There are so many things that your dog does for you, whether it’s keeping you warm at night, playing games with you in the park or just being a loyal companion. And he needs you for many things too, such as food, water, shelter and companionship. However, dogs may rely the most on their owners when it comes to health conditions. One common and possibly serious problem that dogs can develop and need human help with is anal gland disease.
Anal gland disease is a term that refers to a number of conditions that affect the canine anal glands at various stages of severity. If you own a dog, you should know the warning signs of this condition and how to treat it.
What is an anal gland?
Anal glands, or anal sacs, are located on either side of your dog’s anus. These glands, similarly to skunk anal sacs, are built to release an odor. However, unlike skunks, which release the odor as a defensive mechanism, dogs use their anal glands to mark their feces as their own – it marks their territory with a unique smell. This is one reason why your dog may sniff other dogs’ anuses when they interact.
The glands are under the skin and release the yellow-brown scented liquid when pressure is applied through the excretion of feces or when the anus is contracted, such as when scared.
What is anal gland disease?
Healthy anal glands release their fluid regularly. Anal gland problems usually occur when the glands’ ducts are impacted and the fluid can’t release. Impactions that are left untreated can lead to infection, which can eventually create abscesses and anal sac ruptures. Each stage of this disease is progressively more painful and makes passing stool difficult.
Impaction of the glands can occur for a variety of reasons, including stool being too small or soft to exert the necessary pressure, blockages of the ducts or weakness of the muscles surrounding the anus. Bacteria thrives in this area and can easily develop infection.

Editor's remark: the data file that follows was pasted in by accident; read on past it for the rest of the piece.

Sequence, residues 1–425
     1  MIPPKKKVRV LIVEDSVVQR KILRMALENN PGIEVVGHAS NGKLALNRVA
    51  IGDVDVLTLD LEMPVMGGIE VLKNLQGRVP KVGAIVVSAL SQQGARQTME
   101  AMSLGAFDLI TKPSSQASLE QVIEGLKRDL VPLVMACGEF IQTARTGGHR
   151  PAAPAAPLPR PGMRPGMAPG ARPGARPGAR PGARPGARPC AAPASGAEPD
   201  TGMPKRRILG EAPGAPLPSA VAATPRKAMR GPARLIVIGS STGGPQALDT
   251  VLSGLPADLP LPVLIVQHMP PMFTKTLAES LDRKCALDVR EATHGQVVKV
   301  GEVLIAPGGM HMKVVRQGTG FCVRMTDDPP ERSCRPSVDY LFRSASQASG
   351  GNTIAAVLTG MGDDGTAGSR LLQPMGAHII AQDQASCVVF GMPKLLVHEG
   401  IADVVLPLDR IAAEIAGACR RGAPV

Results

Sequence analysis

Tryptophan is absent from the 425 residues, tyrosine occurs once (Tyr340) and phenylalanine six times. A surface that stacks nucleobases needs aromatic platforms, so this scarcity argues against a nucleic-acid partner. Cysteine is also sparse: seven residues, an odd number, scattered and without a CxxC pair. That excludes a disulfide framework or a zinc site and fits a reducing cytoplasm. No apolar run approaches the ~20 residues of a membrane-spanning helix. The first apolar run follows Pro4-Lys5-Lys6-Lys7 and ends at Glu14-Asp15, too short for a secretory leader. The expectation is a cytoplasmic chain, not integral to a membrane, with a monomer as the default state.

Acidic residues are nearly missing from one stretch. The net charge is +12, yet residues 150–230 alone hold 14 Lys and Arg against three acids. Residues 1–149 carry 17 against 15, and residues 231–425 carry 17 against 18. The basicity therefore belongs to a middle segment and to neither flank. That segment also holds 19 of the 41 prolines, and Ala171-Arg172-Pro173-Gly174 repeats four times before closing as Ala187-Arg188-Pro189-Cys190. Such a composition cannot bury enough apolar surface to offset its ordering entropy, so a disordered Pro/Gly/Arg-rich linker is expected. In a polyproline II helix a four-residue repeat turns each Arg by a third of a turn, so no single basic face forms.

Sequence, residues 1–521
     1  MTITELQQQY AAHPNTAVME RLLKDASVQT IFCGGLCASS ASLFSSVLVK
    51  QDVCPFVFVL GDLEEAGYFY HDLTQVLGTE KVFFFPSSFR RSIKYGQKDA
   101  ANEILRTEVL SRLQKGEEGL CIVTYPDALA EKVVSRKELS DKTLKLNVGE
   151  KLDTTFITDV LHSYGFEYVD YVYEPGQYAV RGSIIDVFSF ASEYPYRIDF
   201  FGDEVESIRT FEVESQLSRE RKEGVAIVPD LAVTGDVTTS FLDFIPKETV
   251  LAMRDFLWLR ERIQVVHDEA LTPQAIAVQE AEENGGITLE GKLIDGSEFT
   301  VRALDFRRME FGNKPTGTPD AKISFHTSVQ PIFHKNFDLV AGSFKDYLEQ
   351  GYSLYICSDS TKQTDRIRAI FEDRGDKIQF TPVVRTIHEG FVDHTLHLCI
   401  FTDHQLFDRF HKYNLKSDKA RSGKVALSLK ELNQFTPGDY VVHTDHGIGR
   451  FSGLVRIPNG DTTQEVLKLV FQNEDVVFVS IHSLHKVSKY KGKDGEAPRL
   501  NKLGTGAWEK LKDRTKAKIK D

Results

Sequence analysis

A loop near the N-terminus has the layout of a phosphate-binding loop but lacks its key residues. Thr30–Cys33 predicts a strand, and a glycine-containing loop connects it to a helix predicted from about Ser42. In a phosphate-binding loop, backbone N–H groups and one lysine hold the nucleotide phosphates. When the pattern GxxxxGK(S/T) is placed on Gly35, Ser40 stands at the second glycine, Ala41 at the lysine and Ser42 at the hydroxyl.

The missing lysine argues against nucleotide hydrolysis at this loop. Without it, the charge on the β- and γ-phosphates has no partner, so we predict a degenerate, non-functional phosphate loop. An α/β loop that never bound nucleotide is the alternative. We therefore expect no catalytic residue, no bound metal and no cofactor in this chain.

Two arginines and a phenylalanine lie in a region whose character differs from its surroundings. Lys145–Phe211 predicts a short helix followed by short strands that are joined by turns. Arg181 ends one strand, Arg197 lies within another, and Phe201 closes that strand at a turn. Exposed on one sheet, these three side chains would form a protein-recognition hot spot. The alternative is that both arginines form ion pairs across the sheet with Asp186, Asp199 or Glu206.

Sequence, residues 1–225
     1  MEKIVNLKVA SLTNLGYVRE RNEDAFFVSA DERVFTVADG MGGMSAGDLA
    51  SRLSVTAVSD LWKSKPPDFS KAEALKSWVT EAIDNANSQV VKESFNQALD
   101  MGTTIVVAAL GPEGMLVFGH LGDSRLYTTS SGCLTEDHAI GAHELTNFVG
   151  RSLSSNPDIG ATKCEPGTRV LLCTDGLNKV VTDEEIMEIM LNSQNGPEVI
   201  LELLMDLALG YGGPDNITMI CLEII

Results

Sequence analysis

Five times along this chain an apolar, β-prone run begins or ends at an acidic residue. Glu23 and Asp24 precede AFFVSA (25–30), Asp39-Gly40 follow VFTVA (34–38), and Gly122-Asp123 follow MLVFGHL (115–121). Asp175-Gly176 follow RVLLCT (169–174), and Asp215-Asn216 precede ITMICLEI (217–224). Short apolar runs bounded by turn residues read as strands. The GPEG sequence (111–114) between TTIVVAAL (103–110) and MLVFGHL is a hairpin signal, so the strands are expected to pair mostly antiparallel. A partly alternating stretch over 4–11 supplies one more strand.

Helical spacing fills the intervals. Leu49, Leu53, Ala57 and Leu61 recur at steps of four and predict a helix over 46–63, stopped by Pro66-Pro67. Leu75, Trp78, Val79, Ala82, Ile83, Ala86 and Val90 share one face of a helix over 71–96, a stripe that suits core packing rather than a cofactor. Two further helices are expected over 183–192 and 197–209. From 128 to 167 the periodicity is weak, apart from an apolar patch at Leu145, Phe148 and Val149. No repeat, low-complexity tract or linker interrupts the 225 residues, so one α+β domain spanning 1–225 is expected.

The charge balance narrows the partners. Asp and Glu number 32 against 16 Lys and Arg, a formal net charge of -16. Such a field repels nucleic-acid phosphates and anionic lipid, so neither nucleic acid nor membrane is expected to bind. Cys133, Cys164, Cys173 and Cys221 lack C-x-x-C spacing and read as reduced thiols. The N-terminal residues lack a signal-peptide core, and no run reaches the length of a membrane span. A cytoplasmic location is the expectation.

Look out for the warning signs
The top evidence of anal gland disease in dogs involves your dog paying too much attention to his anus. Scooting or rubbing his behind against the floor or carpet is a common warning sign. Biting, licking or excessive sensitivity around the anus are also signals your dog has an anal gland issue. Difficulty defecating is another red flag.
Keep an eye out for visible redness, swelling or inflammation. If you suspect an abscess, take your dog to the veterinarian immediately. Blood or pus around or from the anus are indications that the anal gland may have ruptured. Small and obese dogs are particularly susceptible to this condition.
How is anal gland disease treated?
The earlier the issue is addressed, the better. If your dog has impacted anal glands, you, your veterinarian or another professional can express, or empty, your dog’s anal glands. This process involves releasing the fluid in the glands manually to prevent buildup and issues that can lead to infections or diseases.
Infected anal sacs require a two-pronged approach that uses expressing as well as medication to kill the infection and prevent its immediate return. Animax ointment is an antibacterial, anti-inflammatory drug that’s used for topical skin infections and anal gland disease. Dermalone ointment is another common medication, which works to treat a number of infections in dogs, particularly anal gland and skin infections. Some dogs who have repeated infections require anal gland removal surgery.
Abscesses need to be treated by a veterinarian who can lance the sac before it ruptures on its own, tearing a hole through your dog’s skin.
Keep an eye out for the warning signs of anal gland disease to make sure your dog gets the help he needs.